Tuesday, July 31, 2012

Prose on Evil

Reflecting on Aurora and analogous, if less newsworthy, violence, Francine Prose at The New York Review of Books assures her readers "we no longer believe in Satan," and then prevaricates.  Probably intuiting that there's a bit more to traditional understandings of Satan than facile theories of possession and pitchforks, she reaches beyond mental health and gun control theories, concluding that lost somewhere in her home (both her place of dwelling and general Western culture), is a CD of a gospel hymn entitled "Satan is real."

As to his place of residence, here's George Steiner again:
Much has been said of man's bewilderment and solitude after the disappearance of Heaven from active belief.  We know of the neutral emptiness of the skies and of the terrors it has brought.  But it may be that the loss of Hell is the more severe dislocation.  It may be that the mutation of Hell into metaphor left a formidable gap in the coordinates of location, of psychological recognition in the Western mind.  The absence of the familiar damned opened a vortex which the modern totalitarian state filled.  To have neither Heaven nor Hell is to be intolerably deprived and alone in a world gone flat.  Of the two, Hell proved the easier to re-create.  (The pictures had always been more detailed.)  The concentration and death camps of the twentieth century, wherever they exist, under whatever régime, are Hell made immanent.  They are the transference of Hell from below the earth to its surface (54-55).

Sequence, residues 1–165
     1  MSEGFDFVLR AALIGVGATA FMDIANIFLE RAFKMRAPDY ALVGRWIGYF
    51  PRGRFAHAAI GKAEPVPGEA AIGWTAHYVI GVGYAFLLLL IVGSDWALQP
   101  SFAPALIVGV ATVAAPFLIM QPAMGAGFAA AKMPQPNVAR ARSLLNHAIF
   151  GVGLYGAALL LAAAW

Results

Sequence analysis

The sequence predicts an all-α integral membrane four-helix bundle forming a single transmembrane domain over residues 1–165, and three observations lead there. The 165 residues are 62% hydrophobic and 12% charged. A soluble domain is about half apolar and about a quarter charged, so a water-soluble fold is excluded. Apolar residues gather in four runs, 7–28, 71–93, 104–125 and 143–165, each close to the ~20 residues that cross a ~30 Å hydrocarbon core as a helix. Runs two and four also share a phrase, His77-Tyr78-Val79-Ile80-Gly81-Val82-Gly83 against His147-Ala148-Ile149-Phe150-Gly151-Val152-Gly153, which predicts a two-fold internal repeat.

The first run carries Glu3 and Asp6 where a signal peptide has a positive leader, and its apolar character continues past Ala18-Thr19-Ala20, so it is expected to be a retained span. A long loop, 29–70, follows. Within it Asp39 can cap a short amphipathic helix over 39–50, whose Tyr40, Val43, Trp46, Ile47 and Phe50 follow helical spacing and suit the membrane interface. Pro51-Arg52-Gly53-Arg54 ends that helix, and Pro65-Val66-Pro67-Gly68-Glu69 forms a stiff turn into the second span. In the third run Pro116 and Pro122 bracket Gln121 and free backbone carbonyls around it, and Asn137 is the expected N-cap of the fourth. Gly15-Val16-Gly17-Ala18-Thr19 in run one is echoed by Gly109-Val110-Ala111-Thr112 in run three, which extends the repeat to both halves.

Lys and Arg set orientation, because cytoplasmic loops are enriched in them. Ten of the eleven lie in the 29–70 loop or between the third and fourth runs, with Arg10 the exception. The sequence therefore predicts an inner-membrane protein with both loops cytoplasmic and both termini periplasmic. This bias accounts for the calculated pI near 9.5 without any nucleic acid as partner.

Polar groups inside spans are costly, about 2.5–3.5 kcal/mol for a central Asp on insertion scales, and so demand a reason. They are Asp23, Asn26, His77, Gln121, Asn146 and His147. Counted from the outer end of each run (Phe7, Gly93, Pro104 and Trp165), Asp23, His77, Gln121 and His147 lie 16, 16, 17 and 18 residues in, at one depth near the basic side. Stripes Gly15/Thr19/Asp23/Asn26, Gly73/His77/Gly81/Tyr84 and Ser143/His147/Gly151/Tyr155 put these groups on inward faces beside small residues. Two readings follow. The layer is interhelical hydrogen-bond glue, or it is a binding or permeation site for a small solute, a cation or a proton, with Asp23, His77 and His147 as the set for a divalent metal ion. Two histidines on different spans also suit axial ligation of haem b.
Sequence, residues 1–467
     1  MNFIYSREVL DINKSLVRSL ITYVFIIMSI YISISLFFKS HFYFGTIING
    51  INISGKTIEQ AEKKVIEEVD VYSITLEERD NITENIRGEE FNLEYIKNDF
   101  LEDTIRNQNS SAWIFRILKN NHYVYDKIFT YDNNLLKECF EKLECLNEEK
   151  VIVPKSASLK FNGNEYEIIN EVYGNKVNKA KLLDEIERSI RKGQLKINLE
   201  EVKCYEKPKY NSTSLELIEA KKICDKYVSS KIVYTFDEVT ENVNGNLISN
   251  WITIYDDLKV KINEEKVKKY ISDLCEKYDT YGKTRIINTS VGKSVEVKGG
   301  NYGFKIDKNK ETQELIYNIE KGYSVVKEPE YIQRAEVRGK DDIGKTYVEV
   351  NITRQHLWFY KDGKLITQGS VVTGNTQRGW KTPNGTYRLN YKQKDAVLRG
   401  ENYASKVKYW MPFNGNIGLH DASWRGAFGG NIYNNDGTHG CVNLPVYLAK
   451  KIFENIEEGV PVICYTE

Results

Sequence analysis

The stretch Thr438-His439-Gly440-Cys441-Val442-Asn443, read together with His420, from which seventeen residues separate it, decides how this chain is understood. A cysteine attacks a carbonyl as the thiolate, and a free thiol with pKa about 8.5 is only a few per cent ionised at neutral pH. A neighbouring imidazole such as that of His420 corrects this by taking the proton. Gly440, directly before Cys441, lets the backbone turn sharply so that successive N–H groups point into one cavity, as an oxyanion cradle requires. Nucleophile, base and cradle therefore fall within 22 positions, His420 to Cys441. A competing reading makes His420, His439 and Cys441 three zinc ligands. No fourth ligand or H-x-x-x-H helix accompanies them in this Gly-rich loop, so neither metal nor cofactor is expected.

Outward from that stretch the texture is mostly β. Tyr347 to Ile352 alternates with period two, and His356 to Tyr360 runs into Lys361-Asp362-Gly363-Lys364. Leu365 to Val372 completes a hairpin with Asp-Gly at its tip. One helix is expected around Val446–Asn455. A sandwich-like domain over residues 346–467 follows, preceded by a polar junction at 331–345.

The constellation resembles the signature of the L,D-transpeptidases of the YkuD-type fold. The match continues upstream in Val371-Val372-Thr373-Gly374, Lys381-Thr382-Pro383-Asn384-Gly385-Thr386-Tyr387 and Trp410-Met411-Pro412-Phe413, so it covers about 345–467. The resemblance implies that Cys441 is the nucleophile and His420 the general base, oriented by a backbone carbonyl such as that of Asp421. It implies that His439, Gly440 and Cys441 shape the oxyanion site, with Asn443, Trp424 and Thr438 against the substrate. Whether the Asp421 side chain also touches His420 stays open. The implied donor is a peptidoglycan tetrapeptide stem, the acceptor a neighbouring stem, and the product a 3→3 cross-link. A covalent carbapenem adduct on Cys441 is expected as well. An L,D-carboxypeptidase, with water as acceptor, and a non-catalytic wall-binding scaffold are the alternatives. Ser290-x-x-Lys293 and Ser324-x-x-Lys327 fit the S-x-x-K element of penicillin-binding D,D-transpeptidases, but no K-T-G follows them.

Said lectures are subtitled "notes toward towards the redefintion of culture," which intentionally reference T.S. Eliot's lectures on the subject.  "Mr. Eliot gave hell back to us," wrote Katherine Raine. "The shallow progressive philosophies both religious and secular of our parents' generation sought to eliminate evil from the world.  Mr. Eliot's visions of hell restored a necessary dimension to our universe."  So until the next generation reads Prose's post or finds their Eliot, the old Eliot will have to do:  "The Mystery of Iniquity is a pit too deep for mortal eyes to plumb."